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5 rosé wines with an unusual charm

Breaking news , Winemaking

Pablo Neruda once said, “I want to do with you what spring does with cherry trees”, and rosé wines are a bit like that: they appear during the spring to fill us with optimism with their striking different tones that remind us of flowering fruit trees in all their glory. An explosion of beauty and harmony for the senses!

Rosé wines have finally moved beyond their status as the wines of the “non-connoisseurs”. They were even once thought of as wine for women. But rosé wines are more than that. We have finally left our prejudices behind to enjoy one of the most versatile and gastronomic styles that the world winemaking scene has to offer.

We have given ourselves the task of finding you 5 unconventional rosé wines that you are sure to enjoy and also be surprised by.

So, it’s time to update your collection and experiment with new rosé styles. Fancy giving them a try?

5 tasty rosé wines that break the rules

1. Fréderic Cossard Super Pink

France is the country we have to thank for the air of glamour rosé wines now have, turning them into a symbol of elegance and refinement and even giving them their beautiful and much imitated pale pink colour. In this case, we can thank Frédéric Cossard, the oenology guru who makes natural wines in the Rhône, for creating Super Pink, an organic, vegan and natural rosé wine made with the Cinsault variety at its most fresh and vivacious. It also has a striking label and a beautiful colour that is totally Insta-worthy. This is a wine for the good weather.

2. Thymiopoulos Rosé De Xinomavro

No one knows as much about beauty and pleasure as the Greeks and Thymiopoulos Rosé De Xinomavro seems to be straight from the imagination of Dionysus himself. This rosé wine is made by Apostolos Thymiopoulos, in Macedonia, Greece, with the native Xinomavro red variety, which brings a pure Mediterranean essence in a subtle, fruit-filled rosé with touches of spice on the palate accompanied by a tasty minerality and a saline touch that will transport you straight to a beautiful beach. This is, without doubt, a great, unmissable Greek wine.

3. Les Prunes

Continuing our journey through the Mediterranean to Valencia, we find Celler del Roure, a small family winery that never ceases to amaze us. The Les Prunes rosé wine is made with the recovered native Mandó variety that is given full prominence. This might be the only wine in the world made with this variety, which is vinified like a white wine, fermented with native yeasts and aged in vats. The result? A juicy and very Mediterranean rosé wine that gives a lot for very little.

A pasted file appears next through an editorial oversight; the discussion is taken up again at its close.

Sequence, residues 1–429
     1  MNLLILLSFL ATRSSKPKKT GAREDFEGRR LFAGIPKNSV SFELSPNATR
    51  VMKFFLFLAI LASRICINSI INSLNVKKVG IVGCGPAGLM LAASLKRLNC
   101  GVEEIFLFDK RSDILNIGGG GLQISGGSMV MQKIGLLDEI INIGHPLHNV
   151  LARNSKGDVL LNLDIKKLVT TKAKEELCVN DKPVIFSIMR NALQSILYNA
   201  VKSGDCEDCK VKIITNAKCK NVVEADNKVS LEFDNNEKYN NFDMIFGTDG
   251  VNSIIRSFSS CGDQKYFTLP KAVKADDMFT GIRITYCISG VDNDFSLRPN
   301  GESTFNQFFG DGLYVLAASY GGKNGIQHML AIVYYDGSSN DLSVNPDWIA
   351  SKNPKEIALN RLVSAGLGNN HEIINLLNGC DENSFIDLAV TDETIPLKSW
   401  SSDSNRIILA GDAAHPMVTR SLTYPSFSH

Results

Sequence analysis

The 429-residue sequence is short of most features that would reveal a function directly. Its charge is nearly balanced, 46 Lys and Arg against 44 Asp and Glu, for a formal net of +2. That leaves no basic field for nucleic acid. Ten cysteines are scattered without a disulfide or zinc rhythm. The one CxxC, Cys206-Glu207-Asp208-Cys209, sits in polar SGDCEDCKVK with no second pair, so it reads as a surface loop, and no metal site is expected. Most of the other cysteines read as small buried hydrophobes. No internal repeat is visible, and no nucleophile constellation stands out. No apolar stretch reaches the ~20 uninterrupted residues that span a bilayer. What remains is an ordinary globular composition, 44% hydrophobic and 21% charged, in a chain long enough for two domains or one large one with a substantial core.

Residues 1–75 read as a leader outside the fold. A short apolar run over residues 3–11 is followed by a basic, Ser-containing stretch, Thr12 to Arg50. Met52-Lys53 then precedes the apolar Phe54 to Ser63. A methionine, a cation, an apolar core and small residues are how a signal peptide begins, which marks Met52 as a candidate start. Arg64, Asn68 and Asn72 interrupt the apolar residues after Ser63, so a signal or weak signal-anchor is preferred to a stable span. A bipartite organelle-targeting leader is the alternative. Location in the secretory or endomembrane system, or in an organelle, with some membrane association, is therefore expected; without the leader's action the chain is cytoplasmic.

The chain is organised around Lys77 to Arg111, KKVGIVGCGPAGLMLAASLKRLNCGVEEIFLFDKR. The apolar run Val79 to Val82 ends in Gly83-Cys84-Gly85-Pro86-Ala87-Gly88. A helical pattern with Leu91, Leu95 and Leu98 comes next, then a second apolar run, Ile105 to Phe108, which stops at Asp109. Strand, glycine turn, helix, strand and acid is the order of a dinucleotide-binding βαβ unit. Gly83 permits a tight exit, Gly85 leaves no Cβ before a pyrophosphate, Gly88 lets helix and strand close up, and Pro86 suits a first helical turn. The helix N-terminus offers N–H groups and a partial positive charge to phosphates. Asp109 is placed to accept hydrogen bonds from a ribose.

4. Fonterenza Rosa

Making a rosé wine in the land of reds may seem sacrilege, especially in Tuscany, but twin sisters Margherita and Francesca Padovani have turned this into a work of art and sensitivity. They have managed to transform the acidity and meatiness of “the blood of Jupiter”, which is what the famous Sangiovese red variety’s name means, into a fresh, crisp and flavoursome rosé. A true “summer Sangiovese” that pays homage to the Tuscan winemaking tradition and is also a natural wine. You won’t want to miss out, surely?

5. Sicus Cartoixà Marí

Cartoixà is one of the names of the Xarel·lo Vermell (red Xarel·lo) variety, a mutation of the white Xarel·lo Vermell grape, which has a thicker skin and is slightly coloured, which gives its wines a nice shade of pink. This strain is rare and grows sparingly in Catalonia.

Sicus Cartoixà Marí gives us the chance to taste a single variety Xarel·lo Vermell made by Eduard Pié, a young and daring winegrower whose wines certainly catch people’s attention. They bear the stamp of authenticity and are nourished by the landscape and a respect for the land and its varieties. Sicus Cartoixà Marí is a rosé wine with the spirit of a white. It is citric, complex, long, fresh and elegant. A little gem that is perfect for serving in the summer.

Rosé wines are good all year round, but the spring and summer is when they really shine. These are versatile and refreshing wines, with new styles and production methods, that have taken a modern turn and continue to surprise us. Let rosé wines do to you what spring does to cherry trees.

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